With help from our grassroots partners, we organized a statewide redistricting program. Our program prioritizes public education, outreach, and organizing across Alabama to advocate for fair and equal representation for all Alabamians.
Improving the fairness of our redistricting process is the foundation by which we create more balanced, equitable representation. A more reflective representative body ensures all Alabamian’s voices have the opportunity to be heard and contribute to determining Alabama’s policies and priorities.
On November 3, the Alabama Legislature passed Alabama’s statewide maps. However, it’s not too late to get involved in the local redistricting process happening now in Alabama’s towns, cities, and counties.
Most Alabamians are not familiar with the local redistricting process and why it matters. Local elected officials have limited knowledge and often don’t adequately share information on their redistricting plans or engage public input.
This is a concern because local maps have a direct impact on community resources for the next decade. When elected officials don’t allow public input on these maps, they keep residents from advocating for the needs of their community.
Once every 10 years, Alabamians have a unique opportunity to determine the future of our state through redistricting. Our districts determine how we will be represented; and how funds for schools, hospitals, and other essential services will be allocated to our communities.
Redistricting is happening right now. It is crucial our voices are heard and respected by legislators in the map-drawing process. Join us now and contact your state legislator’s to demand (we’ve made it easy) fair and equitable maps.
The Alabama state legislature has passed Alabama’s Congressional, State House, Senate and State Board of Education district maps.
These maps passed by the majority party mirror previous district maps that have long been criticized by civil rights leaders, legal experts, and the Congressional map deemed unconstitutional by the Supreme Court based on race.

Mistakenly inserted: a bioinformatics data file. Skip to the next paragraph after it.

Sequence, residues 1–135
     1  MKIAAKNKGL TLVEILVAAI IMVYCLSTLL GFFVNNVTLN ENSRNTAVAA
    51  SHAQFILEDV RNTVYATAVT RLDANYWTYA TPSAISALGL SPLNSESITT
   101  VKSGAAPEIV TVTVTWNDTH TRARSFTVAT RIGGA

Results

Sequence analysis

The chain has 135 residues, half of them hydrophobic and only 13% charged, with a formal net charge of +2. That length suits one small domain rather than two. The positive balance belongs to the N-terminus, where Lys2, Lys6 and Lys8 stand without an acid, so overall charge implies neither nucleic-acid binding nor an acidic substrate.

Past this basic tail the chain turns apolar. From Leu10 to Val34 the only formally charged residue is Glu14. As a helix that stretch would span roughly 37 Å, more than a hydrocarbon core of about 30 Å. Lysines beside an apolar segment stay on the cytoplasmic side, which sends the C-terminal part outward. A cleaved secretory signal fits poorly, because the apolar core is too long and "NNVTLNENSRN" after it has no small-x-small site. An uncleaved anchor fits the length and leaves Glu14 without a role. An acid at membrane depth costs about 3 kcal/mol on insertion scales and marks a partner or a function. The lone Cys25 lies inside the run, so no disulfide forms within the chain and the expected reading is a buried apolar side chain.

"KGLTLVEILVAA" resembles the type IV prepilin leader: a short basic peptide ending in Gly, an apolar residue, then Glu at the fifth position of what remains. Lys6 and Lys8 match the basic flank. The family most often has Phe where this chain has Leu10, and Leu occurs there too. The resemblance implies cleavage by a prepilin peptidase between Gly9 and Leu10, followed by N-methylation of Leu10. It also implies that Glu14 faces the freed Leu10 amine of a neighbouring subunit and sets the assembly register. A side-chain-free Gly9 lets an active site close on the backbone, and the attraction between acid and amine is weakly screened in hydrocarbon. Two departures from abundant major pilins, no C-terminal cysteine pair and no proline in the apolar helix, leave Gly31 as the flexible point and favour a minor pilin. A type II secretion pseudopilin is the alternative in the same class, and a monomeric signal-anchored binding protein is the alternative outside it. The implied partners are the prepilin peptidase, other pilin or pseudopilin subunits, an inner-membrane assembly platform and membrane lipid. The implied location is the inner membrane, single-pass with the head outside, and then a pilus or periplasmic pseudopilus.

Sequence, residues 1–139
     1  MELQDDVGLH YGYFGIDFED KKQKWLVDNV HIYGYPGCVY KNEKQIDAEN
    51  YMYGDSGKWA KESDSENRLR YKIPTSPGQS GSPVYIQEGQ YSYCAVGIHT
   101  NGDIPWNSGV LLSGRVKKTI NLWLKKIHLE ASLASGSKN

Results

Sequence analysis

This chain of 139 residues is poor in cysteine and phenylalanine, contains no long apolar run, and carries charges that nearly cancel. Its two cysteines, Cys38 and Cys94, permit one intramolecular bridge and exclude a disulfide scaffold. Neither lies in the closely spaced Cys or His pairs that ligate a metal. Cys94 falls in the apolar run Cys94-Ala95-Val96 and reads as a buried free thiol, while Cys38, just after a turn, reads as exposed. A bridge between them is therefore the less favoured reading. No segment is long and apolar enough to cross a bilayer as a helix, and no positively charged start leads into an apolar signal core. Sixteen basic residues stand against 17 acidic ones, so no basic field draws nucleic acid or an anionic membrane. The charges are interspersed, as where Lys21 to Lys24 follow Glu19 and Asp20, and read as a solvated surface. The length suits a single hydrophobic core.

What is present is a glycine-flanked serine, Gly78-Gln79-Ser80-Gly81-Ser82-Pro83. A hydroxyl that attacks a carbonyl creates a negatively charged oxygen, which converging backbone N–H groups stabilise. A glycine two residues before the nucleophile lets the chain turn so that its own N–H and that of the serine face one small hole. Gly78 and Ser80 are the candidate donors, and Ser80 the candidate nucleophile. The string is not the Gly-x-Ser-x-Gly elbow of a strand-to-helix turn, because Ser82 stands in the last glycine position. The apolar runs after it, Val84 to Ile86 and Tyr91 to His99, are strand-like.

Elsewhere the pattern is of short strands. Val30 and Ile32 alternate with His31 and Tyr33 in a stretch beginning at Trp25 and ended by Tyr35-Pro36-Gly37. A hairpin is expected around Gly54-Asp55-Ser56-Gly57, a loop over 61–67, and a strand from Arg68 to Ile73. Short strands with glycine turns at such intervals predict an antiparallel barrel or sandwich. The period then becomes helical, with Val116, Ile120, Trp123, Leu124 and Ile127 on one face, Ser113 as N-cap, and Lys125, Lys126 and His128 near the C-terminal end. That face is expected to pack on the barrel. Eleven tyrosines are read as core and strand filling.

The state legislature was presented alternate maps that more fairly represent Alabama as a whole. The majority party had a clear choice to support fair maps, championed by many who spoke out in the public and Committee hearings, and did not.
Although the district maps have been approved by the state legislature, our fight is not over. Alabamians deserve fair representation. Join us by contacting your legislator to express your disappointment in the redistricting process and the maps the legislature approved.
Gerrymandering is one of elected officials’ most effective tools in silencing our voice. Gerrymandering is the intentional manipulation of the map-drawing process by elected officials who seek to maintain or unfairly change the direction of political power.
When maps are drawn to benefit elected officials or for partisan gain alone, many communities lose critical resources such as funding for schools, healthcare, and public safety initiatives.
Join us by contacting your legislator to demand that legislators prioritize everyday Alabamians instead of elected officials by drawing FAIR maps, reflective of Alabama as a whole. We made it easy, send your letter in just a few clicks!
Join us now to demand that legislators:
Draw fair and equitable maps that are truly representative of Alabama, and hold public hearings after the committee’s maps have been made available. These hearings should be held outside of workdays and working hours to ensure the broadest public participation.
Public comments are critical to the redistricting process as the legislature is required to take public input into consideration when drawing the district lines. You can submit public comments to the Reapportionment Committee through October 27. Use your voice and submit public comments today!
There’s also still time to submit written comments and people-drawn maps until the first day of the special session (October 28th). For more information, email us at email@example.com. Together, we can make sure Alabama’s legislative and Congressional maps are the most inclusive and representative in history.
Our organization has drafted a sample letter you can print to mail to your legislator(s) of choice. When you download it, make sure to include necessary information, such as your name and address, to get the best chance of response.
Once you download the letter and print it, find your legislator(s) and mail your letter!
Prisons are disproportionately built in rural areas, but a majority of incarcerated people call urban areas home. Counting prisoners in the incorrect place results in a systematic transfer of population and political influence from urban to rural areas.
Our tools page has access to several great resources to aid and assist Alabamians who are interested in learning more or becoming involved in the community line-drawing process, including map drawing software, informative videos, information on trainings, and more